Radiata

From Wikipedia, the free encyclopedia
  (Redirected from Coelenterates)
Jump to navigation Jump to search
Radiata
Temporal range: Ediacaran – Present
Jean Louis Agassiz 1870.jpg
Louis Agassiz in 1870, with drawings of animals then considered Radiates
Scientific classification
Kingdom: Animalia
Subkingdom: Eumetazoa
(unranked): Radiata
Phyla

Radiata or Radiates is a historical taxonomic rank that was used to classify animals with radially symmetric body plans, and is no longer accepted. The term Radiata has united several different groupings of animals, not forming a monophyletic group under current views of animal phylogeny: similarities such as radial symmetry are taken to be the result of both incorrect evaluations by early researches as well as convergent evolution, rather than an indication of a common ancestor. Because of this,[1] the term is used mostly in a historical context.

In the early 19th century, Georges Cuvier united Ctenophora and Cnidaria in the Radiata (Zoophytes).[2] Thomas Cavalier-Smith, in 1983, redefined Radiata as a subkingdom consisting of Myxozoa, Placozoa, Cnidaria and Ctenophora.[3] Lynn Margulis and K. V. Schwartz later redefined Radiata in their Five Kingdom classification, this time including only Cnidaria and Ctenophora.[4] This definition is similar to the historical descriptor Coelenterata, which has also been proposed as a group encompassing Cnidaria and Ctenophora.[5][6]

Although radial symmetry is usually given as a defining characteristic in animals that have been classified in this group, there are clear exceptions and qualifications. Echinoderms, for example, exhibit unmistaken bilateral symmetry as larvae. Ctenophores exhibit biradial or rotational symmetry, defined by tentacular and pharyngeal axes, on which two anal canals are located in two diametrically opposed quadrants.[7] Some species within the cnidarian class Anthozoa are bilaterally symmetric (For example, Nematostella vectensis). It has been suggested that bilateral symmetry may have evolved before the split between Cnidaria and Bilateria, and that the radially symmetrical cnidarians have secondarily evolved radial symmetry, meaning the bilaterality in cnidarian species like N. vectensis has a primary origin.[8]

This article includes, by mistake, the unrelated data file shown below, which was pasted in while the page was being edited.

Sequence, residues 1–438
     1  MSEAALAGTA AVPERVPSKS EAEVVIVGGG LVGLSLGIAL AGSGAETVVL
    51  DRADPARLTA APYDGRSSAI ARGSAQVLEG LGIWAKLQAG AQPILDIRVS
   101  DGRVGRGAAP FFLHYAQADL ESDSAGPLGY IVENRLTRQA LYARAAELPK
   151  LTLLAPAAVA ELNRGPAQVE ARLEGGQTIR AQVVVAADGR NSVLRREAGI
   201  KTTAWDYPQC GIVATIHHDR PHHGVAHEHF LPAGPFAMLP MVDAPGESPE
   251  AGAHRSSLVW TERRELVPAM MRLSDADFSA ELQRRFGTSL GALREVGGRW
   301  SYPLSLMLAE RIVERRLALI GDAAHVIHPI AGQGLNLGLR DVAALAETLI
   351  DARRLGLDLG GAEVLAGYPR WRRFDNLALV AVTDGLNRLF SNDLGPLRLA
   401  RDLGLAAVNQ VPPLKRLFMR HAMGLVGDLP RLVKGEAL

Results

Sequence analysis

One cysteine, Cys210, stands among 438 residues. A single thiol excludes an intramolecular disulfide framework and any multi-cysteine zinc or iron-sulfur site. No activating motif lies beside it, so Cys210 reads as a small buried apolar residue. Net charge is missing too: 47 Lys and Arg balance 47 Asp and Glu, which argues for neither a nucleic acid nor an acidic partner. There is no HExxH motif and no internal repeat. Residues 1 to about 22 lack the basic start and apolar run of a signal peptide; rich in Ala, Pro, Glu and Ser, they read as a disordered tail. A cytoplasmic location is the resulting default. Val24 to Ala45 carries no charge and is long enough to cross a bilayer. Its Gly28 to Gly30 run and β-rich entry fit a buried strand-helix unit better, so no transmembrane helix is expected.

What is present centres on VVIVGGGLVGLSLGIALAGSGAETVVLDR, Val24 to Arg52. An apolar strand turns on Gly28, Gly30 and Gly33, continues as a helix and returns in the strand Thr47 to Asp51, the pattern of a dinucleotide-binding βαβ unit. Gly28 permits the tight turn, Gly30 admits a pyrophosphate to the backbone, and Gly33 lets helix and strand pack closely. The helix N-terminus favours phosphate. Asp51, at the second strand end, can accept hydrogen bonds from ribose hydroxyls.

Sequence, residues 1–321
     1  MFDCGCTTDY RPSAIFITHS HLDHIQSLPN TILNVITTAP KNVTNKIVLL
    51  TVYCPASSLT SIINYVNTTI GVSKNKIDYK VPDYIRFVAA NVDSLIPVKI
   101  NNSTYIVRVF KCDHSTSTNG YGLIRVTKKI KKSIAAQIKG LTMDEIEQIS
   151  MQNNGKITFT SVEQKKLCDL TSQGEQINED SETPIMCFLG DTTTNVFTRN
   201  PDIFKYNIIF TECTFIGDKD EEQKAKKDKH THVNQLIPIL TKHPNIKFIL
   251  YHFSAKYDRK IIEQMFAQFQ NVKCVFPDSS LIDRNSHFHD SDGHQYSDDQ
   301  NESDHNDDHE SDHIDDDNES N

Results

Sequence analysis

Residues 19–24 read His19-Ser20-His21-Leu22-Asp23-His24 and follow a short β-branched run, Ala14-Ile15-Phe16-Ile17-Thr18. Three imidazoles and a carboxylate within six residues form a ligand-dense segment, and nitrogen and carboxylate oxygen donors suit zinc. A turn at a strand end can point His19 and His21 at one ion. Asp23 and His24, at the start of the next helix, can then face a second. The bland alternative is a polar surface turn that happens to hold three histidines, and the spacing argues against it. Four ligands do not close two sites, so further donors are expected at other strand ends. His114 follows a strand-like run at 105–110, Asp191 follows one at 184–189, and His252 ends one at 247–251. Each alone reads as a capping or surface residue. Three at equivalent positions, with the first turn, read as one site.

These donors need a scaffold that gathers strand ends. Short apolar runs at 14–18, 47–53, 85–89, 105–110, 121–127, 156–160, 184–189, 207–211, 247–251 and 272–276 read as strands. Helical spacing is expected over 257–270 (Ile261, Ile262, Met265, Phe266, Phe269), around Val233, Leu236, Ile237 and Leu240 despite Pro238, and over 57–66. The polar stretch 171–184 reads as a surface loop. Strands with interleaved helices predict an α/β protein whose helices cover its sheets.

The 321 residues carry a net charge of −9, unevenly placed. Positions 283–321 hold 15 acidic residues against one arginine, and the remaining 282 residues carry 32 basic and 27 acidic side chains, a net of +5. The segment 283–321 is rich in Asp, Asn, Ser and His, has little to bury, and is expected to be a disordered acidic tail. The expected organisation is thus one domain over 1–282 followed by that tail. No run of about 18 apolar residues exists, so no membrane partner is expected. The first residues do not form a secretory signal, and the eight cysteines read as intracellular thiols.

See also[edit]

References[edit]

  1. ^ Hadzi, J. (1963). The Evolution of the Metazoa. New York, NY, USA: The Macmillan Company. pp. 56–57. ISBN 0080100791. 
  2. ^ Cuvier, Georges (1817). Le Règne Animal Distribué Selon son Organisation, pour Servir de Base à l’Histoire Naturelle des Animaux et d’Introduction à l'Anatomie Comparée. Paris: Déterville. 
  3. ^ Cavalier-Smith, Thomas (1983). A 6-kingdom classification and a unified phylogeny. in Endocytobiology II. Walter De Gruyter. pp. 1027–1034. ISBN 3110086603. 
  4. ^ Margulis, Lynn (1988). Five Kingdoms: An illustrated Guide to the Phyla of Life on Earth. New York: W. H. Freeman. ISBN 0716730278. 
  5. ^ Philippe, Hervé; Derelle, Romain; Lopez, Philippe; Pick, Kerstin; Borchiellini, Carole; Boury-Esnault, Nicole; Vacelet, Jean; Renard, Emmanuelle; Houliston, Evelyn; Quéinnec, Eric; Da Silva, Corinne; Wincker, Patrick; Le Guyader, Hervé; Leys, Sally; Jackson, Daniel J.; Schreiber, Fabian; Erpenbeck, Dirk; Morgenstern, Burkhard; Wörheide, Gert; Manuel, Michaël (April 2009). "Phylogenomics Revives Traditional Views on Deep Animal Relationships". Current Biology. 19 (8): 706–712. doi:10.1016/j.cub.2009.02.052. PMID 19345102. 
  6. ^ Dunn, Casey W.; Leys, Sally P.; Haddock, Steven H.D. (May 2015). "The hidden biology of sponges and ctenophores". Trends in Ecology & Evolution. 30 (5): 282–291. doi:10.1016/j.tree.2015.03.003. 
  7. ^ Martindale, Mark; Finnerty, J.R.; Henry, J.Q. (September 2002). "The Radiata and the evolutionary origins of the bilaterian body plan". Molecular Phylogenetics and Evolution. 24 (3): 358–365. doi:10.1016/s1055-7903(02)00208-7. 
  8. ^ Finnerty, J.R.; Pang, K.; Burton, P.; Paulson, D.; Martindale, M.Q. (28 May 2004). "Origins of bilateral symmetry: Hox and dpp expression in a sea anemone". Science. 304 (5675): 1335–1337. doi:10.1126/science.1091946. PMID 15131263.